A Practical Wireless Attack on the Connected Car and Security Protocol for In-Vehicle CAN

Samuel Woo, Hyo Jin Jo, Dong Hoon Lee

Research output: Contribution to journalArticlepeer-review

369 Citations (Scopus)


Vehicle-IT convergence technology is a rapidly rising paradigm of modern vehicles, in which an electronic control unit (ECU) is used to control the vehicle electrical systems, and the controller area network (CAN), an in-vehicle network, is commonly used to construct an efficient network of ECUs. Unfortunately, security issues have not been treated properly in CAN, although CAN control messages could be life-critical. With the appearance of the connected car environment, in-vehicle networks (e.g., CAN) are now connected to external networks (e.g., 3G/4G mobile networks), enabling an adversary to perform a long-range wireless attack using CAN vulnerabilities. In this paper we show that a long-range wireless attack is physically possible using a real vehicle and malicious smartphone application in a connected car environment. We also propose a security protocol for CAN as a countermeasure designed in accordance with current CAN specifications. We evaluate the feasibility of the proposed security protocol using CANoe software and a DSP-F28335 microcontroller. Our results show that the proposed security protocol is more efficient than existing security protocols with respect to authentication delay and communication load.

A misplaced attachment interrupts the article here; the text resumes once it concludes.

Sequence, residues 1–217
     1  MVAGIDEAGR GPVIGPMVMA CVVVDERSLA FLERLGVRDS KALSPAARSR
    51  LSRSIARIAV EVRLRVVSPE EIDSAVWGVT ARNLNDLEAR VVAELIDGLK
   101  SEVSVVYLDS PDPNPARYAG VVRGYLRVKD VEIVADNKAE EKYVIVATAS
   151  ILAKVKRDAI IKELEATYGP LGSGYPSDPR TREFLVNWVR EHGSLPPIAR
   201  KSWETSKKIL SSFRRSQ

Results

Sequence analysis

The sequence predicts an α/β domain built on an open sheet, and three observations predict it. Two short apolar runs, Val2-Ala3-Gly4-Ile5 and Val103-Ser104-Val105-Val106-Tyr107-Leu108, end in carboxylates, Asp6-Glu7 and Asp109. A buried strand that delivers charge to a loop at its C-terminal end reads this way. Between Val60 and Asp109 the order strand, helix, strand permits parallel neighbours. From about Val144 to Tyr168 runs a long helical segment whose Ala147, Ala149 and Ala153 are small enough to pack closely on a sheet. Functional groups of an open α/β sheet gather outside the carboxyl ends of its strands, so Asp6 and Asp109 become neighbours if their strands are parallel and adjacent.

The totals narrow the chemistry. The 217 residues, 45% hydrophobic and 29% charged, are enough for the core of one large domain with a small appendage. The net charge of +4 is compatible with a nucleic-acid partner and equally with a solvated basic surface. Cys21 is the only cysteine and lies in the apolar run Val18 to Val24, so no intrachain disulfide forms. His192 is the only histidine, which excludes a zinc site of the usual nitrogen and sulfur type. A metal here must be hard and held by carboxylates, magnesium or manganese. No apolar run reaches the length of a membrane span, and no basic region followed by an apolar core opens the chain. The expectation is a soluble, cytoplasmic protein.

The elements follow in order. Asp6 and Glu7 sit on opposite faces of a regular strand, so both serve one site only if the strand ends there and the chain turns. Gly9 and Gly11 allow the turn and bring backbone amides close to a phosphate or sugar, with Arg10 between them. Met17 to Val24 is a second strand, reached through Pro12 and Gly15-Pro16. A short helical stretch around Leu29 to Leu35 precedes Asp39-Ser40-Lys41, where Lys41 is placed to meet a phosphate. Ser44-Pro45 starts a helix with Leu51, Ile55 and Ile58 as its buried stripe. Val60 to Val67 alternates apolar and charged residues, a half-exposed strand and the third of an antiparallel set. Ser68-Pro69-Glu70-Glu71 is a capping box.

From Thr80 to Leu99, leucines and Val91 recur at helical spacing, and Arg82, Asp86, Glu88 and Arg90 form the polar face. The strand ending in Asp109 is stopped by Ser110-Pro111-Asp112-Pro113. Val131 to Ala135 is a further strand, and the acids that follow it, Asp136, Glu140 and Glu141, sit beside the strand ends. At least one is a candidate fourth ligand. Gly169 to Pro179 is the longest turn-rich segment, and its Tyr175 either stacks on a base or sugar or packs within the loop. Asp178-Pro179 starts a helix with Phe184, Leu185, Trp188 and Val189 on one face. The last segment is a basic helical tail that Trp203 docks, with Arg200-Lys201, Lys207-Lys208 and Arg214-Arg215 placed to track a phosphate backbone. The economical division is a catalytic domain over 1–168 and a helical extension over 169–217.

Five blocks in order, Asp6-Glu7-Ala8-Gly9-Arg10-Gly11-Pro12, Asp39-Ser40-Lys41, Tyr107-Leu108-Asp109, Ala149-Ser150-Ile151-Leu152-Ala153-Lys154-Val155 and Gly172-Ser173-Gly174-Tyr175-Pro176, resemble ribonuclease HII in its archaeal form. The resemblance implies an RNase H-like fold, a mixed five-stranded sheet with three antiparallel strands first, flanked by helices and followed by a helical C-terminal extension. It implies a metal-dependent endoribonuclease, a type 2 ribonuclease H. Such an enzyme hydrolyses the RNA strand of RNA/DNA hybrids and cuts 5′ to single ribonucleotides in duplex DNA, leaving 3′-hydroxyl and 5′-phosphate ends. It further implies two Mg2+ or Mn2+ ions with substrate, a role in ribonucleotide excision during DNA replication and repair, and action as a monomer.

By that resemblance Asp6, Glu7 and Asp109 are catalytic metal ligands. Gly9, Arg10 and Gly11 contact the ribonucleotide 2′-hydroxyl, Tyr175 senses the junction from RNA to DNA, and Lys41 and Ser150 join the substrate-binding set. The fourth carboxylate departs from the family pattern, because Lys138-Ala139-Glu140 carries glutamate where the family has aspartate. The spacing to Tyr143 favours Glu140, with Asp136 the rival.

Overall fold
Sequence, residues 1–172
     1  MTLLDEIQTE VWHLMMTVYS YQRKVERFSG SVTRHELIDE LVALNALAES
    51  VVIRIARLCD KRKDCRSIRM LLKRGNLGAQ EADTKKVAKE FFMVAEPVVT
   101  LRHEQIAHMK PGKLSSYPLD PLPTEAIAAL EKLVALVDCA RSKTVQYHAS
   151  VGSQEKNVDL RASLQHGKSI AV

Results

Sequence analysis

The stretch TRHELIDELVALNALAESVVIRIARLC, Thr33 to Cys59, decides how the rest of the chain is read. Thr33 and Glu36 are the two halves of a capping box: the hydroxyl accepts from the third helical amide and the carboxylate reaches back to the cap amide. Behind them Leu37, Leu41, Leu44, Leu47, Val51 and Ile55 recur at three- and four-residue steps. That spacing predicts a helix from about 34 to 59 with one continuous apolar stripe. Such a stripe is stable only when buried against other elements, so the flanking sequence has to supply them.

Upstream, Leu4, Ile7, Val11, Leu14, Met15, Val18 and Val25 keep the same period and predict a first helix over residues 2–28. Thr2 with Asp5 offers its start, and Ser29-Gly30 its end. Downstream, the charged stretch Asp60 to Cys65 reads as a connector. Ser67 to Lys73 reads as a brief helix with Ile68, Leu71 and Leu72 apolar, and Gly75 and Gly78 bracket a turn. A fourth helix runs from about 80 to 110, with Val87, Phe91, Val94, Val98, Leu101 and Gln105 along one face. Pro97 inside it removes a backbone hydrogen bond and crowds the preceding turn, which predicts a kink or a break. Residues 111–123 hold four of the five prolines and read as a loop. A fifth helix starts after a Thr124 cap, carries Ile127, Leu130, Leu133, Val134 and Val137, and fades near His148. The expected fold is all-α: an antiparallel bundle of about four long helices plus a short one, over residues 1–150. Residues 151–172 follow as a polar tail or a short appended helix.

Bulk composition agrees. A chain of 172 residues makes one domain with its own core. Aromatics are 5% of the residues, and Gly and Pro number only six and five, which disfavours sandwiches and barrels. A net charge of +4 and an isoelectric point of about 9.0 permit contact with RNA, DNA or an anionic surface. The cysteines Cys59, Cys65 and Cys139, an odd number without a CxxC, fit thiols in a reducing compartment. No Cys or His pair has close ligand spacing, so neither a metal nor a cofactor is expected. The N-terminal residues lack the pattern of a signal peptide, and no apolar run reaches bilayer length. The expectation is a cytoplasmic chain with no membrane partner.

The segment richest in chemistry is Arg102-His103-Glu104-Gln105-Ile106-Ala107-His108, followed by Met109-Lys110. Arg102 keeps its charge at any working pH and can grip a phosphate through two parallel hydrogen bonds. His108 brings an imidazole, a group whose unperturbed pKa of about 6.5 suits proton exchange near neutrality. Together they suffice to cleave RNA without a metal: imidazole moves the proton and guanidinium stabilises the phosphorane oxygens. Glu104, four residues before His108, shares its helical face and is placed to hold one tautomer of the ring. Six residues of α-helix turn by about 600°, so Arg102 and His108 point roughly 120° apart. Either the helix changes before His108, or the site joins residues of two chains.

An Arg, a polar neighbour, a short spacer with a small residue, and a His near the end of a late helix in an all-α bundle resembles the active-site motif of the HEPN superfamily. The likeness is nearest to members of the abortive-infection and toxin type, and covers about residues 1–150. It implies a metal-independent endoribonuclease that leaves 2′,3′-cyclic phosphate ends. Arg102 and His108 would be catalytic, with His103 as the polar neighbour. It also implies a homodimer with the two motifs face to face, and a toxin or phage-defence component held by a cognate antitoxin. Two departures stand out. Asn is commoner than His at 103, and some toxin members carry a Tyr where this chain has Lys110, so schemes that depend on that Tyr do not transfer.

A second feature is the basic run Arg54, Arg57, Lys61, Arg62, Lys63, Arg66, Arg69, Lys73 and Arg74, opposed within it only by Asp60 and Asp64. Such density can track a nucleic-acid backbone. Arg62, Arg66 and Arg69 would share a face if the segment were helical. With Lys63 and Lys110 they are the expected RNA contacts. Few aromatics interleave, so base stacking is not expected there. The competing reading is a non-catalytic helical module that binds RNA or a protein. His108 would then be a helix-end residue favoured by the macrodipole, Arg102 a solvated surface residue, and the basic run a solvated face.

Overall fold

Original languageEnglish
Article number6894181
Pages (from-to)993-1006
Number of pages14
JournalIEEE Transactions on Intelligent Transportation Systems
Issue number2
Publication statusPublished - 2015 Apr 1

Bibliographical note

Publisher Copyright:
© 2000-2011 IEEE.


  • Connected car
  • controller area network (CAN)
  • in-vehicle network security
  • key management

ASJC Scopus subject areas

  • Automotive Engineering
  • Mechanical Engineering
  • Computer Science Applications


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